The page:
It was good that a roomful of Minnesota leaders, including Gov. Tim Pawlenty, recently met at a St. Paul summit to talk about improving science and math education in the state. Let’s just hope their conceiving and dreaming prove more fruitful than when 49 of the nation’s governors, along with President George H. W. Bush, convened in Charlottesville, Virginia in 1989 and pledged that American boys and girls would lead the whole world in those two subjects a mere eleven years later, in 2000. How close did our kids actually get?
In exams given in nearly four dozen countries in 2003, American eighth graders came in tenth in science and fifteenth in math. “Just missed,” as the poorly named Maxwell Smart used to say.
In the possible event of future top level meetings, how might participants escape looking as foolish as did a former president and 98 percent of then-sitting governors?
A first rule would be building on what solid research says. In rapid fire, here are four such findings.
• Don’t expect academic salvation in money, even if extra funding is called an “investment.” According to Harvard economist Caroline Hoxby, spending on elementary and secondary education in the United States, in inflation-adjusted dollars, more than doubled between 1970 and 2000, from about $4,500 to nearly $9,000 per pupil. If such increases had led to anything approaching adequate, much less proportionate, progress over those three decades, there would be fewer calls for big meetings now. This is not a brief for stiffing schools; it is an argument for recognizing the limits of money as a solution by itself.
• Don’t expect smaller classes to necessarily help much either. According to Hoxby again, public schools nationally in 1970 employed two teachers for every fifty students. By 1998, the ratio was three teachers for every 50 boys and girls. Granted, the number of teachers working outside of classrooms, someplace in bureaucracy land, grew over the period, which is no small issue and mystery of its own. But as with spending, evidence is clear that educational returns on smaller classes are not nearly as great as proponents claim, if and when returns exist at all.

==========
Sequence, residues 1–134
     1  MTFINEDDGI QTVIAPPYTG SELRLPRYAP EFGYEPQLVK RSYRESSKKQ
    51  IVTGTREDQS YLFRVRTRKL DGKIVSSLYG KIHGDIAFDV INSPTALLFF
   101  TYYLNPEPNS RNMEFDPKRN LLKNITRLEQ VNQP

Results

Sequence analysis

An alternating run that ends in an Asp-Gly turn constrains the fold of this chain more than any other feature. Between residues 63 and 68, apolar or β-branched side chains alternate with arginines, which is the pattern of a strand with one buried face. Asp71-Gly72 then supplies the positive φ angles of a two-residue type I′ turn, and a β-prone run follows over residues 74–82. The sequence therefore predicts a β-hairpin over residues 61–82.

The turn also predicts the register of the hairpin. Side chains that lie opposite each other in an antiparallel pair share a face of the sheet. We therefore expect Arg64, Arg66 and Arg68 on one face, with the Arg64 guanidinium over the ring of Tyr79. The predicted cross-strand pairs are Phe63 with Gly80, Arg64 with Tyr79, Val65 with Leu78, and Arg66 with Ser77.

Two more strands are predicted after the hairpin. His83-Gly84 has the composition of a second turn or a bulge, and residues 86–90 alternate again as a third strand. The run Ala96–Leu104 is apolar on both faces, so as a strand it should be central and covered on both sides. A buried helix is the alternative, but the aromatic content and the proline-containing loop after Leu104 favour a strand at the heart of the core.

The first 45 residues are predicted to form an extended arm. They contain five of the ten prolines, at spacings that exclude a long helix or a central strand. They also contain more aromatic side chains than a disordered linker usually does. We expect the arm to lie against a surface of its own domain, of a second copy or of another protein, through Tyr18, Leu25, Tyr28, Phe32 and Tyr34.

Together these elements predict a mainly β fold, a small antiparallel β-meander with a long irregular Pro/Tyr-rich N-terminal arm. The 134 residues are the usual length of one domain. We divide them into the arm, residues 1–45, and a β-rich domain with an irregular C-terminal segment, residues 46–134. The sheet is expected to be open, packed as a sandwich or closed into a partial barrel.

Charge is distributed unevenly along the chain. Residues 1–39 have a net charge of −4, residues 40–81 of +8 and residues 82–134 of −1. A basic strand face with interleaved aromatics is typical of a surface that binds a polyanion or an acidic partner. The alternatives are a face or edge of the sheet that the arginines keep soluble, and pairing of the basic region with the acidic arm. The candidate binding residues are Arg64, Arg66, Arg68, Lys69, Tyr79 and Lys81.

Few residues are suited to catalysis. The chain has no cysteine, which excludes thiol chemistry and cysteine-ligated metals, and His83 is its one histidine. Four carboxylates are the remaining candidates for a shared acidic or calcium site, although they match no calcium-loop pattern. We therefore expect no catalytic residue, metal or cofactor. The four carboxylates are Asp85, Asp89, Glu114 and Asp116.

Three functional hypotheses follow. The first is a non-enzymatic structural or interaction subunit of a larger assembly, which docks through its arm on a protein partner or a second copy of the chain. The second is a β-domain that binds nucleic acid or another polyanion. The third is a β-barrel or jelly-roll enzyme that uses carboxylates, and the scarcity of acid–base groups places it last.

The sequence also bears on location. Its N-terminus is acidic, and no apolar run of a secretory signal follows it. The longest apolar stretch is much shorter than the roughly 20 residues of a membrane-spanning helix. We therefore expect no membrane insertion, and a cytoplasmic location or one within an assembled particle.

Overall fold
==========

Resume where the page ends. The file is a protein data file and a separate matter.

• Likewise, don’t expect too much from expanded early childhood education programs. It’s a given that early childhood programs will increase in coming years, as political and other stars are aligned. This may well be a good thing – if such programs are academically rich. But in the current ramp up, it’s useful to keep data like these in mind:
According to a 2003 report of the U.S. Department of Education, only five percent of American three-year-olds attended preschools in 1965. By the end of the century, the number had grown to 39 percent. Among four-year-olds, 16 percent attended preschools in 1965. A more recent figure for four-year-olds is 66 percent. Question: If early childhood education is as intrinsically powerful as many claim, wouldn’t their graduates over the last 40 years have performed much better academically than they have? One would think so.
• And in regards to enormous gaps in academic achievement between white and minority students, evidence is growing that African American students in particular benefit from school choice programs that include private schools. According to Harvard’s Paul Peterson (who grew up in Montevideo, Minnesota), black kids especially tend to derive “large educational gains – higher test scores, higher graduation rates, and long-term economic benefits” from private schooling. Doesn’t this suggest it’s in our state and nation’s best interests to least experiment with choice programs that include private schools? It would seem so.
As broad brush strokes go, many will find the above bristly. But any attempts to seriously upgrade Minnesota education without heeding lessons like these will fail. They also will waste millions, perhaps billions of dollars.
Mitchell B. Pearlstein is president of Center of the American Experiment, a conservative think tank in Minneapolis.